Isabel Tarnutzer ’21: Picture this; a family huddled around a TV, sitting close with one another, listening intently to the person on the other side of the screen. The perfect nuclear family, like a scene out of an old film. Yet, this scene remains not so far fetched for those living in the era of the coronavirus pandemic. The present picture, however, is not so pleasant. Instead, that family listens to hear if their ability to provide for themselves continues. Their livelihoods, resting in the hands of the government. Such defines the life for many small business owners and their families during this uncertain time. According to Fortune, nearly 100,000 small businesses closed as a direct result of the pandemic, a frightening statistic for every small business owner.
Unlike massive corporations, local families often run small businesses. These families rely on the community around them and the income from the restaurant to provide for themselves and their loved ones. COVID shutdowns resulted in struggles and challenges for many businesses. One such business, Four Corners’ Diner, a local restaurant run by Romeo families, experienced many such struggles as a result of the pandemic.
“COVID has brought many challenges to everyone. For us, specifically, it has been the most challenging overall to keep the doors open. Given that we are not permitted indoor dining, it is more challenging to come up with enough funds to pay bills monthly, labor, and provide for families,” owner Marty Hutnick said.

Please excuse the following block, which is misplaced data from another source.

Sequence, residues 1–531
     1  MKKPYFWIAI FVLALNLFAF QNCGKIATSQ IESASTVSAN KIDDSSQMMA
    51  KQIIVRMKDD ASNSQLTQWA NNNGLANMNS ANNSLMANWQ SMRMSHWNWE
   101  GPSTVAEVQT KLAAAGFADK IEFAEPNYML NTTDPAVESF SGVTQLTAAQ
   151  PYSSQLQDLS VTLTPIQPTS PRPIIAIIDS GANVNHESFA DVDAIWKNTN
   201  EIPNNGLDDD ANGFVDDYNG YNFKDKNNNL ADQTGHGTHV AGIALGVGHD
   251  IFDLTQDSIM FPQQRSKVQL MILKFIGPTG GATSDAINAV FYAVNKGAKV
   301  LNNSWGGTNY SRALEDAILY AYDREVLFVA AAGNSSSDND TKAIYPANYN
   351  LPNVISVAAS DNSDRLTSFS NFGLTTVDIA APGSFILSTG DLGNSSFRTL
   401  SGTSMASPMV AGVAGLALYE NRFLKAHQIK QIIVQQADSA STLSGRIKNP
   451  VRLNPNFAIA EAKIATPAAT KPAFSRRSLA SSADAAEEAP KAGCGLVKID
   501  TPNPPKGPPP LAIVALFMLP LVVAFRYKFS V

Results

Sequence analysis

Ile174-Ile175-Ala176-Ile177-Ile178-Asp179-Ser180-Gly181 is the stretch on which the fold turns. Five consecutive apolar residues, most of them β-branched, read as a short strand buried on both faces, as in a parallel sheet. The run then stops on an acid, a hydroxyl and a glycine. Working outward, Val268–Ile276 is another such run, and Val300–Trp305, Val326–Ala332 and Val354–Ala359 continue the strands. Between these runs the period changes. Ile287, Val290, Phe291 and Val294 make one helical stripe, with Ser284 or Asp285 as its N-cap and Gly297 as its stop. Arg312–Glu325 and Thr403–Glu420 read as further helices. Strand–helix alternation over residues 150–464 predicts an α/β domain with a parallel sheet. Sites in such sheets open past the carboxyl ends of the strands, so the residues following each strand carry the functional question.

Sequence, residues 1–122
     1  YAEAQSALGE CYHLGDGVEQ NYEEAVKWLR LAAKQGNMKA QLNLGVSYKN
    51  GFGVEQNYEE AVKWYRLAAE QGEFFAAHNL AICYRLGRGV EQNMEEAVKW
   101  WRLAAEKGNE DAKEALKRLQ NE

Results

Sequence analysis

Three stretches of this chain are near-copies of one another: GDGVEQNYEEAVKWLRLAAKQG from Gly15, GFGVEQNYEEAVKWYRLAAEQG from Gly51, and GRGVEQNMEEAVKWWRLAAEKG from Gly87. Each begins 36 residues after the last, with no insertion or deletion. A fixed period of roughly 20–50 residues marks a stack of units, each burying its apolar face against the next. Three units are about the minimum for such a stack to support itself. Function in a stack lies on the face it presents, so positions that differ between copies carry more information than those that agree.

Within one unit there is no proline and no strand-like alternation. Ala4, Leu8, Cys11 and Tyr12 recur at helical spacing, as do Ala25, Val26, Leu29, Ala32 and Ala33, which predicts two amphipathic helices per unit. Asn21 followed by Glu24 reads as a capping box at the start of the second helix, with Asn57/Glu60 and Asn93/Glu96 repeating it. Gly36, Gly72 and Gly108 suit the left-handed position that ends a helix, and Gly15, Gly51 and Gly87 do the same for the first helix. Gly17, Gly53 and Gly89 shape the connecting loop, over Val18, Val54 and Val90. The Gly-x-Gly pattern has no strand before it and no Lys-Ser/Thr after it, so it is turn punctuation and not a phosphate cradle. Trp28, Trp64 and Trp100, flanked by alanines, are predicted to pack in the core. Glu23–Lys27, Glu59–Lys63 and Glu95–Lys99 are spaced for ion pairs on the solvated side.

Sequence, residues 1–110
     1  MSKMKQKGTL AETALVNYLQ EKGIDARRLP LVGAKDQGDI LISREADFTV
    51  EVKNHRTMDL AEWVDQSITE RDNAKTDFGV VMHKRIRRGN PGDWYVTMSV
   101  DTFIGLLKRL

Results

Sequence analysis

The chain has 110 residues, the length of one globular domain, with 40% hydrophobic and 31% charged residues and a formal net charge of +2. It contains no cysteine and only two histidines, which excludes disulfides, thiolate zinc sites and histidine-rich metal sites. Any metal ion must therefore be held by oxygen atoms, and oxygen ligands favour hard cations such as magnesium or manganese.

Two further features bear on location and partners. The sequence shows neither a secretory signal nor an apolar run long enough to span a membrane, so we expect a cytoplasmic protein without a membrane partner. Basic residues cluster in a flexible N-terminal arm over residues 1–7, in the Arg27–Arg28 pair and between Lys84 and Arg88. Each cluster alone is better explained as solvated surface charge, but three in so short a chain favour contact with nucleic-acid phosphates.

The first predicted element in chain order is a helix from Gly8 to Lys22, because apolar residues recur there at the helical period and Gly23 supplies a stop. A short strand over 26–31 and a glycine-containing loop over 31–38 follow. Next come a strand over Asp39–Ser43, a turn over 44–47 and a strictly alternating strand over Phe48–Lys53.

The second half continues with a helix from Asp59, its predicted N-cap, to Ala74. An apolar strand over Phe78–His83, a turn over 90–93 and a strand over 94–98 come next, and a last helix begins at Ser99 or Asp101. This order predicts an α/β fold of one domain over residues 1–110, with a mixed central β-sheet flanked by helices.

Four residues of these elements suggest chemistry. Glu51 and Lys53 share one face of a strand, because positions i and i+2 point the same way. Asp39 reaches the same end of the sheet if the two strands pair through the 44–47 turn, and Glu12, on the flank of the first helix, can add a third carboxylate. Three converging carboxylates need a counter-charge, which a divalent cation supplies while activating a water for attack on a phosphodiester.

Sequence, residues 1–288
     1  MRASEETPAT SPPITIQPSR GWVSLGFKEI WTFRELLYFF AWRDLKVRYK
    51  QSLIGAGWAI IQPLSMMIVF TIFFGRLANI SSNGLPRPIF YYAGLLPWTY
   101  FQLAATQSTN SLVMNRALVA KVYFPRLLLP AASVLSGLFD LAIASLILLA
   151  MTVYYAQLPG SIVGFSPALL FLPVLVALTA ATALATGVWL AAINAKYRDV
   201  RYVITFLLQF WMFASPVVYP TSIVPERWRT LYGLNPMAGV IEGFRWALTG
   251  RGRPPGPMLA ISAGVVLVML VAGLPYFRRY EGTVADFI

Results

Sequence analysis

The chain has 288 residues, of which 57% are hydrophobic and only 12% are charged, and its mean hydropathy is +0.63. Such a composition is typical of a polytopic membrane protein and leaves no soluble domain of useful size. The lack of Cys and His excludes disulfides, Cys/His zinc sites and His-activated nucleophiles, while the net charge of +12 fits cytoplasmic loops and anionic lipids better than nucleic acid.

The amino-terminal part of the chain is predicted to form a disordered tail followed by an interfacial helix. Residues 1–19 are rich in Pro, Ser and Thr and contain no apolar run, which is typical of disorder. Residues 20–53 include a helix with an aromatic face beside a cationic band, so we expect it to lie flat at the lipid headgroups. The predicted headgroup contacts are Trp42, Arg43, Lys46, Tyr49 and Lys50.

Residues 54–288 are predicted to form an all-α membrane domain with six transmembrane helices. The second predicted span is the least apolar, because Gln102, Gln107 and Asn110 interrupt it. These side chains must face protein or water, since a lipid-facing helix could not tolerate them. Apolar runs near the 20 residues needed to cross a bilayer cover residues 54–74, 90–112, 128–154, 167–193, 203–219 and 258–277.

For smaller businesses like Four Corners, the shutdowns made it difficult to maintain a consistent flow of customers. Without customers, these small businesses struggle to make ends meet, but with the help from the Romeo community, Four Corners remains able to continue through these difficult times.
“Through this all, our community has been extremely supportive. From ordering carry-outs, purchasing gift cards, and even assisting us with our monthly bills,” Hutnick said.
When searching for an identifiable positive to this pandemic, the great sense of unity and togetherness that emerged could be the only answer. Without the attitude of solidarity and a sense of “we’re all in this together”, this pandemic could have been even more devastating. The community’s ability to come behind and support each other blesses many of these family-run businesses.
Despite the help and support from the community, there still remains a gap in many of these small businesses owners’ hearts.
“The thing and my staff and I miss most is seeing all of our customers, and interacting with them. For us, serving food to another is a privilege, and we always love getting to know our customers personally,” Hutnick said.
For many small businesses owners, the connection and interaction with their customers remains one of the most intimate joys of running a business. In the emergence of COVID, this joy slipped away from many such owners. For this reason, it remains important that we as a community continue to support and uplift the small businesses in our area and to hope for a better tomorrow.
“We are hoping for unity as Americans. We hope that our country and state will be able to return to normal soon…” Hutnick said.
While we no longer live in the time of nuclear families and old movies, togetherness remains one of the most crucial and key traits of protecting our community. For in such times of uncertainty, there remains one thing we can lean on; unity.